In the wake of President Trump’s decision to pull US troops out of northeast Syria, a growing chorus of Senate Republicans are dismissing Trump’s threat of economic sanctions against Turkey if it continues its incursion into the region, the Washington Examiner reports.
According to Sen. John Thune (R-SD), attempts to apply meaningful sanctions on Turkey after Trump green lit its invasion are just politicians “grasping to come up with something,” adding that the Trump’s decision “was a mistake” from the beginning.
Sen. Mitt Romney (R-UT), a frequent critic of the President, also spoke out, saying that sanctions “aren’t going to do any good.”
“Abandoning [the Kurds] in my opinion, was an enormous strategic mistake and represents one of the darkest days in American foreign policy history,” Romney added.
Also criticizing Trump’s decision was Sen. Marco Rubio (R-FL), wh0 said that sanctions could actually be a boon to Turkish President Recep Tayyip Erdoğan, framing him as someone willing to stand up to the US.
“There is no way to unravel it, there is no way to undo some of the more significant damage it’s done,” Rubio said.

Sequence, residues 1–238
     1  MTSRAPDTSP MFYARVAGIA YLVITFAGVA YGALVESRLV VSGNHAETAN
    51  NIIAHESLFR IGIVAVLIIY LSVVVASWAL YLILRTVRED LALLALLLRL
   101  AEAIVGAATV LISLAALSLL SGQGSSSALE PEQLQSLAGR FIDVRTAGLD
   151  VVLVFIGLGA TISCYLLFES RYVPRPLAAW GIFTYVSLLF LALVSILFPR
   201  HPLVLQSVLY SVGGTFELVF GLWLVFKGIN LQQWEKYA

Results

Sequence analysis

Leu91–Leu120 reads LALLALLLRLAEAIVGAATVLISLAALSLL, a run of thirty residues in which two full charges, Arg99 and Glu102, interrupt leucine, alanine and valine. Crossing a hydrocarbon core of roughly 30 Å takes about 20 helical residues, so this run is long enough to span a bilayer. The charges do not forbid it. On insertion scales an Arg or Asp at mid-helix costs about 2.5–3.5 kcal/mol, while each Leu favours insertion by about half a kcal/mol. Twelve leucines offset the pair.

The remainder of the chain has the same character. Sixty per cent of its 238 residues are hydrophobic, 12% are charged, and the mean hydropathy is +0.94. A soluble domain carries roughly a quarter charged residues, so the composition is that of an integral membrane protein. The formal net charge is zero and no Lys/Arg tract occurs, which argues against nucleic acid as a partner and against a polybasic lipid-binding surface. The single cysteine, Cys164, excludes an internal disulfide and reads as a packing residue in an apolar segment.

Senate Majority Leader Mitch McConnell (R-KY) also issued a rare criticism of Trump.
“I’m sorry that we are where we are,” McConnell said. “I hope that the vice president and the secretary of state can somehow repair the damage.”
Featured image via Gage Skidmore/Flickr
Trump official stationed in Ukraine set to give new deposition — along with another White House official
The House impeachment inquiry has scheduled another closed-door depositions from two additional Trump administration officials.
The Democratic majority has set hearings later this week for David Holmes, who works at the U.S. embassy in Ukraine, and Mark Sandy, who works in the Office of Management and Budget, reported Axios.
Public hearings begin Wednesday in the impeachment inquiry, when Bill Taylor, the top diplomat in Ukraine, and George Kent, a senior State Department official in charge of Ukraine policy, will testify before House investigators.
WATCH LIVE: House Intelligence committee holds first public Trump impeachment hearing
On Wednesday morning the House Permanent Select Committee on Intelligence will hold its first public impeachment hearing looking into allegations that President Donald Trump abused his office by attempting pressure Ukraine President Volodymyr Zelensky to announce an investigation that would benefit the president politically in return for releasing $400 million in much-needed security aid.